HSBC’s prime brokerage platform will target China’s burgeoning hedge fund market as part of its growth plan in Asia, where it aims to leverage its leading position in the custody and administration arenas.

China is “a massive target and it’s one [market] where we’ve been very successful in the early stages of our business”, says Matt Kiraly, HSBC’s head of prime services sales for Asia-Pacific.

“If you look at the prime brokerages [in Asia], you have US prime brokers, European prime brokers, [but] there are no Asian prime brokers. This is HSBC's backyard and our seat to fill.”

HSBC launched its prime brokerage offering in Europe in early 2011, with the Asia platform in mid-year and its first hedge fund client having gone live last July.

“The business is spread across Europe and Asia and we are quickly moving into the US,” says Melvyn Ford, HSBC’s head of prime services for Asia, who declined to give a time-frame for a US launch.

HSBC prime brokerage is leveraging its global custodian and hedge fund administration businesses to build market share. In Asia, it has a leading position in the hedge fund admin sector, with a 20% share of the market as of December last year, according to data provider Eurekahedge.

HSBC’s longstanding sub-custody business in Asia is a major player in the market with nearly all the trillion-dollar global custodians on its client list. Over the past few years it has branched into the global custody business, where it has an emphasis on emerging markets.

A number of the bank’s fund administration clients “have been very happy to come onboard and become our prime brokerage clients”, says Ford, who recently took on the role of head of prime services, having previously led HSBC’s global relationship management function for hedge funds in Asia.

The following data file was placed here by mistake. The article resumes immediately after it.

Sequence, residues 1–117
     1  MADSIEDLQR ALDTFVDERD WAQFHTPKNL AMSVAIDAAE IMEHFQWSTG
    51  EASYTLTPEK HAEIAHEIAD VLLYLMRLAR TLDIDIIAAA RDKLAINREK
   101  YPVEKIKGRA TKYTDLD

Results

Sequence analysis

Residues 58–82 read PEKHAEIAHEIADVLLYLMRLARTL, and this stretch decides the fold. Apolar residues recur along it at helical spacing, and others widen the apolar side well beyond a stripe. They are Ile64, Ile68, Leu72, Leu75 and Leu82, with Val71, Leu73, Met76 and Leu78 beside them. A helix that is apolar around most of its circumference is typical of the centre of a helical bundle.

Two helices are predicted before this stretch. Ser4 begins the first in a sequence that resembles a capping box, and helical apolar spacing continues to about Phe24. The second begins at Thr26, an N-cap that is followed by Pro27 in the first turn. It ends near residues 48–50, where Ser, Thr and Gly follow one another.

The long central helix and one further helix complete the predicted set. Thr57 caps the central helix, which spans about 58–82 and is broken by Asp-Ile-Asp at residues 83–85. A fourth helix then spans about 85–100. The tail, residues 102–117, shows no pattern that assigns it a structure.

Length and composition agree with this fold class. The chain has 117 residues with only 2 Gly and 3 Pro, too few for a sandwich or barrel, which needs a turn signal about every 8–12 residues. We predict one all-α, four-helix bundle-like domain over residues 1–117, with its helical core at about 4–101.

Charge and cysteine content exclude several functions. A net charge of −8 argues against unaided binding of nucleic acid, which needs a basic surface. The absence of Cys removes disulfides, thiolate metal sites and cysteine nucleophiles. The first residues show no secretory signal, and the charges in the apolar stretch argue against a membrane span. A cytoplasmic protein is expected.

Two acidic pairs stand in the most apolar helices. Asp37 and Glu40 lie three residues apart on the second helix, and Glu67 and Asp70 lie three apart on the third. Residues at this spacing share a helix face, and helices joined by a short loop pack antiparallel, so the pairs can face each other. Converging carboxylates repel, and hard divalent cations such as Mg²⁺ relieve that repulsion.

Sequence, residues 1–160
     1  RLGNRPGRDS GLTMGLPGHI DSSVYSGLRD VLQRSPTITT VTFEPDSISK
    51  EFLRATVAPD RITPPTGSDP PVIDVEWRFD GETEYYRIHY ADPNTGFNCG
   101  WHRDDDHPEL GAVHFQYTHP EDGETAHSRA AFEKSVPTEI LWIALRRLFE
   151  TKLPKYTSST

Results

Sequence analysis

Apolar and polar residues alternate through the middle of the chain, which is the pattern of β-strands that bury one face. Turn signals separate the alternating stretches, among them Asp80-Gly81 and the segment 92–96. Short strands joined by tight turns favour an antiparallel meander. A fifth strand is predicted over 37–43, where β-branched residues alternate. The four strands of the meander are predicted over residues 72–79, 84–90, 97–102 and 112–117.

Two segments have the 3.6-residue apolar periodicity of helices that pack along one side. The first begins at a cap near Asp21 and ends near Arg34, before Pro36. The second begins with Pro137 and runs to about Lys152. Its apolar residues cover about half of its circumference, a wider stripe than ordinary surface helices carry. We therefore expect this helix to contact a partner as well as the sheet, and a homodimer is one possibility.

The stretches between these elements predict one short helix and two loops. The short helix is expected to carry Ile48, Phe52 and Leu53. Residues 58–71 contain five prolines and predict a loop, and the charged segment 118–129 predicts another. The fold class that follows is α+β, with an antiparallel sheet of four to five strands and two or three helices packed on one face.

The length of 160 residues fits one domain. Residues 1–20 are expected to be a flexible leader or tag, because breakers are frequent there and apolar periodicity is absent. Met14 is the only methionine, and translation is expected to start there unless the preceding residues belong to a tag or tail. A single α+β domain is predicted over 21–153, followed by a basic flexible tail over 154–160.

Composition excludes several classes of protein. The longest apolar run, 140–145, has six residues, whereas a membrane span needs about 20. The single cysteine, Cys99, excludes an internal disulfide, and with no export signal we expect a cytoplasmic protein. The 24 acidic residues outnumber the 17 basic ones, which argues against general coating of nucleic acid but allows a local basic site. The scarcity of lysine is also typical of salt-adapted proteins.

Says Kiraly: “What we want is to have is a client who is both a prime client and a fund administration client, which further solidifies their relationship with the firm.”

The bank’s prime brokerage platform will also leverage HSBC’s equities finance business, where it is a large stock lender and supplier of synthetics. “Ultimately we want to be able to service funds globally trading Asia [stocks], no matter where they are located,” says Kiraly.

HSBC is betting that its strengths in hedge fund-related services will give it a respectable share in a highly competitive market dominated by a duopoly of Goldman Sachs and Morgan Stanley. In Asia, the top five prime brokers held a collective 83% of the market in 2011, compared with 76.36% in 2007, with their gains coming at the expense of players outside of the top 10, according to Eurekahedge.

“We’re a large organisation with many different business lines. And our skill here is to tap into those business lines in an appropriate way,” says Ford.

“We’ve very happy to be an additional prime broker to one of the [leading prime brokerage] firms,” he adds.  “A single prime broker these days is very unusual unless the fund is very small, and we’re not in that space.”